Breath Of Fresh Air

Allison Hay © A coffee cup with sea background Illustration: Shutterstock


Sam finds a place where she can be kind to herself, but will it help her face a new kind of future?

Sam takes a deep breath of sea air, scans the bay and waits for the buzz to kick in. Nothing. She’s waited so long for this, like a baby turtle in its shell waiting to emerge and head straight for the ocean, but she feels absolutely nothing.

She’s so empty inside, the only tears that run down her cheeks are caused by the brisk, salty breeze. It’s the first day of spring, with just a touch of warmth in the weak sunshine, a hint of better days to come.

She’s sitting outside her favourite café on the cliff top, the one she used to come to on childhood holidays with Mum, Dad and Gina, and then later when she and Rory were together. She’d expected it to feel reassuringly familiar, but without her favourite people it’s just a café.

Even though it’s sunny, there’s a distinct nip in the air, so she wraps her hands around her mug of hot chocolate to keep them warm. She’d love it to thaw her frozen emotions too, but that’s not likely to happen any time soon.

Maybe the gainsayers had been right, after all. Sam had thought that moving to the coast would give her the fresh start she had so badly needed after Rory. It’s too soon to make such a big decision, friends had advised. Give yourself more time to work out whether it’s the right thing for you, said Gina.

Mum and Dad, bless them, had just told her to do what she felt best, to listen to her heart. Desperate to shift the fog of grief that hung round her like a heavy blanket, and to ditch the well-meaning but suffocating looks and remarks that seemed to follow her everywhere she went, Sam decided on a change of scene.

So last year, she upped sticks from the small Midlands town where she had lived most of her life, landed a new job and relocated to the east coast resort that held so many happy memories.

“You’ll only be a couple of hours’ drive away – it’s not like you’re moving to Australia!” Mum had reassured her.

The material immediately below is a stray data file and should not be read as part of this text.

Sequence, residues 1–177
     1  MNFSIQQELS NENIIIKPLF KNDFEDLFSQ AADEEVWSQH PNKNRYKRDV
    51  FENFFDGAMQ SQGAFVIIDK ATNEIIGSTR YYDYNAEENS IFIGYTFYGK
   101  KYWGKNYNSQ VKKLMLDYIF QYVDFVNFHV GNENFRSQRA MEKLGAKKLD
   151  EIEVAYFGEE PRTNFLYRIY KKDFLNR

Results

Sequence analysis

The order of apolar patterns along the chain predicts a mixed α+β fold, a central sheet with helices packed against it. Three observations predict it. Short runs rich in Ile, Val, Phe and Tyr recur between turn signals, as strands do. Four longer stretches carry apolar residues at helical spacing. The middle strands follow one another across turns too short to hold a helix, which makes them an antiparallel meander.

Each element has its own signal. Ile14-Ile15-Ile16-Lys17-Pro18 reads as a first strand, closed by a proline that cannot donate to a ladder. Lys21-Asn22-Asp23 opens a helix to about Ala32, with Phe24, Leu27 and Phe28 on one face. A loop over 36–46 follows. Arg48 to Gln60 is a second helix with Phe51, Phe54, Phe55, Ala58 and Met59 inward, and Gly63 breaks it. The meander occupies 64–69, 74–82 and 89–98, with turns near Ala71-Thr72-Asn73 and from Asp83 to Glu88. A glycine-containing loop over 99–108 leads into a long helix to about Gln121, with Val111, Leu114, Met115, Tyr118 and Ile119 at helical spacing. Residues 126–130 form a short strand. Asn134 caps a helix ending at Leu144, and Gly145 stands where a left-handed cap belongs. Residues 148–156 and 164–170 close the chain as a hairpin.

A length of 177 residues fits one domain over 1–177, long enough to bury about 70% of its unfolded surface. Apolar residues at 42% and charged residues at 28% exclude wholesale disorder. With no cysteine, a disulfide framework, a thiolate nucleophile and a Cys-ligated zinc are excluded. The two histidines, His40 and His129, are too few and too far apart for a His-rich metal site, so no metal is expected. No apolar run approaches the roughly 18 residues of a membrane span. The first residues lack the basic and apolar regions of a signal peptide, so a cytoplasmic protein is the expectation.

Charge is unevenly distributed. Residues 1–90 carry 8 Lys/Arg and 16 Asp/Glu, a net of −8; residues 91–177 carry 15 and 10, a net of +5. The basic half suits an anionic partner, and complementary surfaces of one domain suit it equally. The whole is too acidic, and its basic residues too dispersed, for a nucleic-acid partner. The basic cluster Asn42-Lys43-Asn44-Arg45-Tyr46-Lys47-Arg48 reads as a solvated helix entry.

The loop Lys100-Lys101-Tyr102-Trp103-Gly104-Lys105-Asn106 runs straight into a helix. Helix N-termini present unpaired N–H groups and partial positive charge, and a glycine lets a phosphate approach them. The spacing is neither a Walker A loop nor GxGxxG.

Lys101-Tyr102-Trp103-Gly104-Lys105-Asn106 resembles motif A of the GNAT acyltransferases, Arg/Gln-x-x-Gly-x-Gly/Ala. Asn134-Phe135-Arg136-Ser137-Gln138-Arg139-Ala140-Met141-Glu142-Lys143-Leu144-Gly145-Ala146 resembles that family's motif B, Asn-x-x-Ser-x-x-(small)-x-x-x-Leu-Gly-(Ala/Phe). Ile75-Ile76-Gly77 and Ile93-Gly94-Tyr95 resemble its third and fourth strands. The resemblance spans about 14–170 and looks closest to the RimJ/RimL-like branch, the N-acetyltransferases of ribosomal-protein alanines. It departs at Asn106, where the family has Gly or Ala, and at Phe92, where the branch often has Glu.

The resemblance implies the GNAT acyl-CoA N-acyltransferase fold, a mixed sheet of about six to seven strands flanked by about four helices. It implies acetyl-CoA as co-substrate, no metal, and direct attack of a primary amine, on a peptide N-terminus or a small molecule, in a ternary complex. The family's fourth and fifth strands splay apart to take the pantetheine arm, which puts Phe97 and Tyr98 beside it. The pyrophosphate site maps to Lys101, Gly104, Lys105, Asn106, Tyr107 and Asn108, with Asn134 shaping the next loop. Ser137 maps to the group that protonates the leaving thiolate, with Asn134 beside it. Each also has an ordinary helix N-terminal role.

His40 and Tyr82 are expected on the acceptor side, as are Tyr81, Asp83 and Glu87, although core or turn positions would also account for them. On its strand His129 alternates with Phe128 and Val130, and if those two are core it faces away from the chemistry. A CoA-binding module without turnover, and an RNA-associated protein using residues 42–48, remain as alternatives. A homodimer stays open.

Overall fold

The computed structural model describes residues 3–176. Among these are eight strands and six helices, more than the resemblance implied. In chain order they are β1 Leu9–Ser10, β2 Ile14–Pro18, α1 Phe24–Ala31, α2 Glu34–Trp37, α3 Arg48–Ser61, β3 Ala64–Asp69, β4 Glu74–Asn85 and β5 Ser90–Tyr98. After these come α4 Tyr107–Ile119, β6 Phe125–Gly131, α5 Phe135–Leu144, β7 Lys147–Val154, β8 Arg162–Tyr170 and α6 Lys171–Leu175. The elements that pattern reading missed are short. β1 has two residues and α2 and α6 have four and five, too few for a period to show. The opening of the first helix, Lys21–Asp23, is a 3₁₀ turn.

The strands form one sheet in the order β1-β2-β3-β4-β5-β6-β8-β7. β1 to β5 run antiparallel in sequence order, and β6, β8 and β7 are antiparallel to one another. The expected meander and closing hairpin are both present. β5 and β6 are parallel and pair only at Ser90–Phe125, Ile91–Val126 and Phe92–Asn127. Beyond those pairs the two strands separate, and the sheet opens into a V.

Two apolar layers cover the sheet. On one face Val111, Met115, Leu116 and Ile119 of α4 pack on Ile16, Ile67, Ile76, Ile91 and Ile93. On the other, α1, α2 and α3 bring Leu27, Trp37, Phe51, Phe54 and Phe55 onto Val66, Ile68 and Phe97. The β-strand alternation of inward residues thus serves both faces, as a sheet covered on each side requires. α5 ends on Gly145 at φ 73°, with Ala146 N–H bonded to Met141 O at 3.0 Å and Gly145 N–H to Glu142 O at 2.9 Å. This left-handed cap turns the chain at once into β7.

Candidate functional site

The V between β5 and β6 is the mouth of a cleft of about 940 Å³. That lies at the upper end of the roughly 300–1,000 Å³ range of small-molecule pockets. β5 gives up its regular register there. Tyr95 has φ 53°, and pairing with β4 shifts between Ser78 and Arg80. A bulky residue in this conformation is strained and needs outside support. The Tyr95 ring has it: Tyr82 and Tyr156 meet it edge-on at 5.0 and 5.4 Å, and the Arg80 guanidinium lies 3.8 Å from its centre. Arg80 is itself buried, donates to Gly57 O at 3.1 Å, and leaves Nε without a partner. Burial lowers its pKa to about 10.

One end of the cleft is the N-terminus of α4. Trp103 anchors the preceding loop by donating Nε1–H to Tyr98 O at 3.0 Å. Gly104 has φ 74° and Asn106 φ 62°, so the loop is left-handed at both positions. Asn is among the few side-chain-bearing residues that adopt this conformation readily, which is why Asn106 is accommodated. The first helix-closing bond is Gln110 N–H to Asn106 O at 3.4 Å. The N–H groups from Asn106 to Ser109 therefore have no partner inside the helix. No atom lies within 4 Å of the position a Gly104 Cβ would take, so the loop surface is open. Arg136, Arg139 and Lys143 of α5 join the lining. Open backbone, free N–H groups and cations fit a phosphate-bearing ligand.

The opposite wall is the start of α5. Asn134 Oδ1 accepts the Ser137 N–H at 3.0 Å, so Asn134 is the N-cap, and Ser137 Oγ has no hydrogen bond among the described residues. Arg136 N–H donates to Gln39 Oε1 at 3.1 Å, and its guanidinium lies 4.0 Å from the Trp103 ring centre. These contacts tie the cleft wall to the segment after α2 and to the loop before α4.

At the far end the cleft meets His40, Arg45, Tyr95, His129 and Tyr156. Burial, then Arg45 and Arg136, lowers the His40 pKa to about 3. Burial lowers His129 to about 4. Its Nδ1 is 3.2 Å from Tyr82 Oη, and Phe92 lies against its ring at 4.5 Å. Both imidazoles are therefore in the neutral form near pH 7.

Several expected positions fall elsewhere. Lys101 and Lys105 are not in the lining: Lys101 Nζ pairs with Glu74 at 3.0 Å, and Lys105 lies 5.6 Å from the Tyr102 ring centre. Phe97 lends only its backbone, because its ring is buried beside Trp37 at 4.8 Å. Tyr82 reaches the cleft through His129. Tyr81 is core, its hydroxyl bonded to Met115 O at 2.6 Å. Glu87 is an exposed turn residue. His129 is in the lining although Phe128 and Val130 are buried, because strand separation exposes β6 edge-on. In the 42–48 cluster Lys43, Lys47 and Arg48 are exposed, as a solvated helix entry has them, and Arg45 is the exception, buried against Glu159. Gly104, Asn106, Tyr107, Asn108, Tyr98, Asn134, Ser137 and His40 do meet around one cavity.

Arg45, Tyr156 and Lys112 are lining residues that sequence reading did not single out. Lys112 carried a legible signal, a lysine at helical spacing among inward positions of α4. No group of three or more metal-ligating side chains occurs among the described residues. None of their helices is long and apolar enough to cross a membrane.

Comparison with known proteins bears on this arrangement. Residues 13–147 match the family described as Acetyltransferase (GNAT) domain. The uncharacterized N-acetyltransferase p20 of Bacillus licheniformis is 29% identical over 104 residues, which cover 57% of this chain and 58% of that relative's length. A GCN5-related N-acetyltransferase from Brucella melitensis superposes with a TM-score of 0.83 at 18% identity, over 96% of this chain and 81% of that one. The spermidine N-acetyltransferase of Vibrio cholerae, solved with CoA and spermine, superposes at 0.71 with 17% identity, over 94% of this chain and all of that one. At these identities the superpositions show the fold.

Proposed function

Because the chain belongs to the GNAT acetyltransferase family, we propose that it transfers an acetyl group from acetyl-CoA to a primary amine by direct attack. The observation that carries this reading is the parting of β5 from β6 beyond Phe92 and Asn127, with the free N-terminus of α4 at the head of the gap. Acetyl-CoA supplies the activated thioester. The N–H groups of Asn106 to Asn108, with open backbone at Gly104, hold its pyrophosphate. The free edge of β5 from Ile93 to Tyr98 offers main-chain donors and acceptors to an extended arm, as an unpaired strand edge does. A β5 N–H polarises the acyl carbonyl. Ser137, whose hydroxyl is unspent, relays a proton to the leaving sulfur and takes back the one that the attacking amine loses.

Your dad and I can come for weekends and holidays when you’ve got the spare room straight. You’ll never be short of people wanting to come and stay.

And so they had, at first, cooing over the panoramic views from her top-floor apartment, the bracing cliff top walks and broad sandy beaches, fish and chips eaten straight from the paper and ice creams savoured on leisurely strolls along the promenade.

Then winter had arrived, and the visits had slowed to a trickle…

Sam had been thrown back on her own inner resources, and at first she struggled. She hadn’t realised just how lonely out-of-season holiday resorts could feel, minus the crowds and constant hum of activity.

Then, slowly and surely, she began to adapt to her new way of life, being kind to herself as everyone assured her she should be, a young widow prematurely robbed of her husband and the life she had once thought was ahead.

Most importantly, she learned how to be alone, but not lonely.

Sam takes another satisfying draught of hot chocolate and studies the seagulls circling overhead, constantly on the lookout for stray scraps of food. Scavenging is the way they survive, she thinks, and part of her sympathises. It reminds her of the first few days after Rory died, when she clutched at anything she thought would staunch the pain.

She drains the last of her drink and decides it’s time for her to make a move. She thinks of the time on her honeymoon in Greece, when she and Rory had managed to prise themselves from each other’s arms long enough to run down to the beach and witness the moonlit magic of baby turtles bursting from their shells and scurrying down to the creamy surf pooling on the sugar-soft sand.

She walks down a flight of stone steps to a weathered row of beach huts, a sudden spring in her step. Lively conversation and light-hearted giggling reach her on the breeze as she reaches the end of the row and reads the sign Seaborough Sea Swimming Club.

“We’ve been waiting for you, Sam,” says one woman. “About time too!” says another. “Let’s go!” urges the third. Seconds later, Sam has stripped down to her swimsuit and joins them as they run towards the incoming tide. She takes a deep breath as she plunges in. A burst of relief embraces her as the invigorating waves break over her body and she feels the faintest stirring of that long-awaited buzz. It’s not Greece, and there’s no Rory. But baby steps, she thinks, towards a different kind of future.

Our My Weekly Favourites series of feel-good fiction from our archives continues on Mondays and Thursdays. Look out for the next one.
Don’t forget – you can find brand new, uplifting short stories every week in My Weekly magazine! Subscribe now for a great saving on the weekly magazine, monthly My Weekly Special or our fortnightly Pocket Novels. Or enjoy one of our Little Escapes short story collections.

Allison Hay

I joined the My Weekly team ten years ago, and I love the variety of topics we cover both online and in the magazine. I manage the digital content for the brand, sharing features and information on the website, social media and in our digital newsletters. I also work for Your Best Ever Christmas - perfect as it's my favourite time of year!